• Title, Summary, Keyword: Iran

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Challenges to Promoting Population-Based Cancer Registration in Iran: a Workshop Report

  • Hadji, Maryam;Nahvijou, Azin;Seddighi, Zahra;Beiki, Omid;Mohagheghi, Mohammad Ali;Mosavi-Jarrahi, Alireza;Marnani, Ahmad Barati;Zendehdel, Kazem
    • Asian Pacific Journal of Cancer Prevention
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    • v.14 no.10
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    • pp.6189-6193
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    • 2013
  • In December 2011, the Cancer Research Centre of the Cancer Institute of Iran sponsored a 3-day workshop on "Cancer Registration Principle and Challenges in Iran", which convened cancer registry experts. The objectives of the workshop were: to introduce standard cancer registration, to review the policy and procedure of cancer registration in Iran, and to review the best practices in the cancer registries in Iran. Challenges to cancer registration were discussed and recommendations were developed. The workshop was evaluated by participants for better organization of subsequent workshops. The objective of publication of this report is that based on Cancer in 5 Continents, many low- or middle-income countries do not meet the criteria for a standard population-based cancer registry (PBCR); on the other hand cancer is the most important cause of mortality and the essential part of any cancer control program is the cancer registry. Therefore this report focuses on problems and challenges of PBCR and provides recommendations which might help other developing countries to decrease their PBCR defects.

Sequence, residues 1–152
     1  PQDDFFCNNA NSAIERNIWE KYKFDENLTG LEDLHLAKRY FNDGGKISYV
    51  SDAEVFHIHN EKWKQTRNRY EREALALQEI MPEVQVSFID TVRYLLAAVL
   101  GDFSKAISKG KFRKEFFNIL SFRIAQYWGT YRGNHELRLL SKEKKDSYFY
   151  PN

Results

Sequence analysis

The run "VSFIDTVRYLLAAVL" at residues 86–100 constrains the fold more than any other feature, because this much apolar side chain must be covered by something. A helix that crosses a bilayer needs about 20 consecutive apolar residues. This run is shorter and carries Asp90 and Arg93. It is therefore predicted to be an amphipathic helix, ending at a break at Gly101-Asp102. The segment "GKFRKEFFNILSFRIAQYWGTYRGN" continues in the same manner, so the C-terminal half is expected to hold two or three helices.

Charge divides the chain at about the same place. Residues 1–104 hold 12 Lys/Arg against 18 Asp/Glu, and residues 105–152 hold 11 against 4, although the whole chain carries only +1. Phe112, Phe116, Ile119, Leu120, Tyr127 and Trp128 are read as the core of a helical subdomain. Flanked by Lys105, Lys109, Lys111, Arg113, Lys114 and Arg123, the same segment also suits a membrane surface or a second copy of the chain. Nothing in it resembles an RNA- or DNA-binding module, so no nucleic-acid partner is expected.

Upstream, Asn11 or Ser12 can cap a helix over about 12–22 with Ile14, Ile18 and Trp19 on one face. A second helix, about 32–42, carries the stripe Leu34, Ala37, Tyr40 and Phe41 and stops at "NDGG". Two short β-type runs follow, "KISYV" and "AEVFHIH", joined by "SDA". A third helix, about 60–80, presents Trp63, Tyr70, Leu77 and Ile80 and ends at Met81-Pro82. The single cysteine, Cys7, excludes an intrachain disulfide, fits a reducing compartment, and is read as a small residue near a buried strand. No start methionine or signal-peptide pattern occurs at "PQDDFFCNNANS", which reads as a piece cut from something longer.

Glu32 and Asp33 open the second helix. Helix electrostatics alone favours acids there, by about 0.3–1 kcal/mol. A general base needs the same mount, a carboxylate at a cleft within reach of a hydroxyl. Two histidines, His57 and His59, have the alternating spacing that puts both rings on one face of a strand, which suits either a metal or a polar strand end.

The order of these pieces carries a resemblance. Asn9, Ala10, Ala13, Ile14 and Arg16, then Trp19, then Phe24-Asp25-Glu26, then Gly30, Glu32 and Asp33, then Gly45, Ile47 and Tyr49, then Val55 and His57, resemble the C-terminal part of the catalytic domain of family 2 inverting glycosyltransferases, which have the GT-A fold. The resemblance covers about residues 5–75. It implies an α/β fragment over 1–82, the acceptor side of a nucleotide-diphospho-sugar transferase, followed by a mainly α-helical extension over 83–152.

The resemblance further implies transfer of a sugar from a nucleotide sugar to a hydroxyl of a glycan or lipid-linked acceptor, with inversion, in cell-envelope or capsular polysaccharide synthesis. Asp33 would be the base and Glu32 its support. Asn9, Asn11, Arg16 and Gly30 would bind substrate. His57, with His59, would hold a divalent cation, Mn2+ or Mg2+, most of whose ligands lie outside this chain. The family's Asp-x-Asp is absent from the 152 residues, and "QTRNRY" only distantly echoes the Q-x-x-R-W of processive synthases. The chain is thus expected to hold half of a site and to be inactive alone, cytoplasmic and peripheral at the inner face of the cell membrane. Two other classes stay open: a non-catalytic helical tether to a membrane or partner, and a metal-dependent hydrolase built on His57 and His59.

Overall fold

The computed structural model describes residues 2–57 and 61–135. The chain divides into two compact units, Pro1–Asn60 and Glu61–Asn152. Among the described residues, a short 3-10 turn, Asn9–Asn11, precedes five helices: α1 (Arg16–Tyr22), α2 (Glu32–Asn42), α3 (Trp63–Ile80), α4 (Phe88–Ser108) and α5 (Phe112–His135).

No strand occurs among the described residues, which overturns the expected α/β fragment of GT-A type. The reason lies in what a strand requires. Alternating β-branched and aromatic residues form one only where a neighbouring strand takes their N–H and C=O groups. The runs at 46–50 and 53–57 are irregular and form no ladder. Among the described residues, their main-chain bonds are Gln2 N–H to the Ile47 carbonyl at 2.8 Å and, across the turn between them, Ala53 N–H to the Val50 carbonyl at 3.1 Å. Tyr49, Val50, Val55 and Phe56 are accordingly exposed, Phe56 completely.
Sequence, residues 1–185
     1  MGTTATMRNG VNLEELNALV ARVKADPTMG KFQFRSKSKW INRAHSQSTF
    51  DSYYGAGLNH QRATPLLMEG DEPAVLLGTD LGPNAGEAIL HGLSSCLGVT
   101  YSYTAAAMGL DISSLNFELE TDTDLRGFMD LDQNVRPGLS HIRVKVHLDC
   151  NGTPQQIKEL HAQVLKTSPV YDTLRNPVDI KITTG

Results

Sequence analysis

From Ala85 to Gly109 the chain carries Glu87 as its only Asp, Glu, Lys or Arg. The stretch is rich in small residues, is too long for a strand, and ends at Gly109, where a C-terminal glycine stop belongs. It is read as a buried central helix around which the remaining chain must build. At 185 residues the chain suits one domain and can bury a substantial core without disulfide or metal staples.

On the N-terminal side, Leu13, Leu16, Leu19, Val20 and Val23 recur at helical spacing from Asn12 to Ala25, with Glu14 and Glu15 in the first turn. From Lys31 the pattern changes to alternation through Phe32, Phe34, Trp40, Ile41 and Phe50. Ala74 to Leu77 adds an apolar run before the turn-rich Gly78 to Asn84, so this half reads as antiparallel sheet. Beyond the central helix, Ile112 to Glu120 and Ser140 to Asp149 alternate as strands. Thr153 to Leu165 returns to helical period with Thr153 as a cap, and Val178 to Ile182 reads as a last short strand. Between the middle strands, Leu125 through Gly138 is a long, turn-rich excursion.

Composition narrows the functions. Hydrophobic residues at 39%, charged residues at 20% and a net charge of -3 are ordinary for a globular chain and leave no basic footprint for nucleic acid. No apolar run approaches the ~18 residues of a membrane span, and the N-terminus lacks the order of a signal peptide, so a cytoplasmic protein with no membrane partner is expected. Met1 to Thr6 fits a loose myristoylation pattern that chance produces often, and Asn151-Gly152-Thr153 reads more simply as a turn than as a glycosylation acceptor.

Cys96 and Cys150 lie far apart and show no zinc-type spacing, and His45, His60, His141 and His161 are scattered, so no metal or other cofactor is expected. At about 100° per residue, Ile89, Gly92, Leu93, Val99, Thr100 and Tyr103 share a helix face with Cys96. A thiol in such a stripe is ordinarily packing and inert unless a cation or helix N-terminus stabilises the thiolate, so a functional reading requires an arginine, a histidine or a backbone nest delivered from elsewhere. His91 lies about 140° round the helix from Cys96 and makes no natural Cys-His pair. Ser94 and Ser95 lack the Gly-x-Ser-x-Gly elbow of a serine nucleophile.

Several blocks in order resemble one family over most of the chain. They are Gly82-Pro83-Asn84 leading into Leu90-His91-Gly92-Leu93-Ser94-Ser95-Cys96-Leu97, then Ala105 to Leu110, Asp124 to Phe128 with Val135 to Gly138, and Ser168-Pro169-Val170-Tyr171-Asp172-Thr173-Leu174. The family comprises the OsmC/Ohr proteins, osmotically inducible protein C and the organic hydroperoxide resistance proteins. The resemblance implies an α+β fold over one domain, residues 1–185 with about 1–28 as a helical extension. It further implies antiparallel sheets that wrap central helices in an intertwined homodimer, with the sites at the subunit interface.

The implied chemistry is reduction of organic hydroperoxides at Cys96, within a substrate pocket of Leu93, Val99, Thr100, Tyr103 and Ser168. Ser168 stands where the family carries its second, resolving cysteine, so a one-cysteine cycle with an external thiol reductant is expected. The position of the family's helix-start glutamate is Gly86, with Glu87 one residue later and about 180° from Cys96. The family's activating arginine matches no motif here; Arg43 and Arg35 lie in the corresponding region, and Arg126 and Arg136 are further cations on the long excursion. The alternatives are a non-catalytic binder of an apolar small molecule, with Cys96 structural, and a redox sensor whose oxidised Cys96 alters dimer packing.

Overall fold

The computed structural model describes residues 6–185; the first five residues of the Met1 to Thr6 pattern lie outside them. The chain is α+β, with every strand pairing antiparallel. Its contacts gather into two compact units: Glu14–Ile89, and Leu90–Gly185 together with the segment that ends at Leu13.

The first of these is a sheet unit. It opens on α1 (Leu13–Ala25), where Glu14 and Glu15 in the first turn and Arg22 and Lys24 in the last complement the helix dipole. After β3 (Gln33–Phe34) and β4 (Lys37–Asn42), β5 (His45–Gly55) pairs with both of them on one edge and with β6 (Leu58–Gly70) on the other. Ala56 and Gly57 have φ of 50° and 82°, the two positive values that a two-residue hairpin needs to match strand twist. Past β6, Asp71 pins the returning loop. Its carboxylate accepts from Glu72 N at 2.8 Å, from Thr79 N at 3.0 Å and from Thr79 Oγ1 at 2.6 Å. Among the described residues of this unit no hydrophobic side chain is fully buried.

Spiritual Care for Cancer Patients in Iran

  • Memaryan, Nadereh;Jolfaei, Atefeh Ghanbari;Ghaempanah, Zeinab;Shirvani, Armin;Vand, Hoda Doos Ali;Ghahari, Shahrbanoo;Bolhari, Jafar
    • Asian Pacific Journal of Cancer Prevention
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    • v.17 no.9
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    • pp.4289-4294
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    • 2016
  • Background: Studies have shown that a return to spirituality is a major coping response in cancer patients so that therapists can adopt a holistic approach by addressing spirituality in their patient care. The present study was conducted to develop a guideline in the spiritual field for healthcare providers who serve cancer patients in Iran. Materials and Methods: Relevant statements were extracted from scientific documents that through study questions were reviewed and modified by a consensus panel. Results: The statements were arranged in six areas, including spiritual needs assessment, spiritual care candidates, the main components of spiritual care, spiritual care providers, the settings of spiritual care and the resources and facilities for spiritual care. Conclusions: In addition to the development and preparation of these guidelines, health policy-makers should also seek to motivate and train health service providers to offer these services and facilitate their provision and help with widespread implementation.

Measuring and Decomposing Socioeconomic Inequality in Catastrophic Healthcare Expenditures in Iran

  • Rezaei, Satar;Hajizadeh, Mohammad
    • Journal of Preventive Medicine and Public Health
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    • v.52 no.4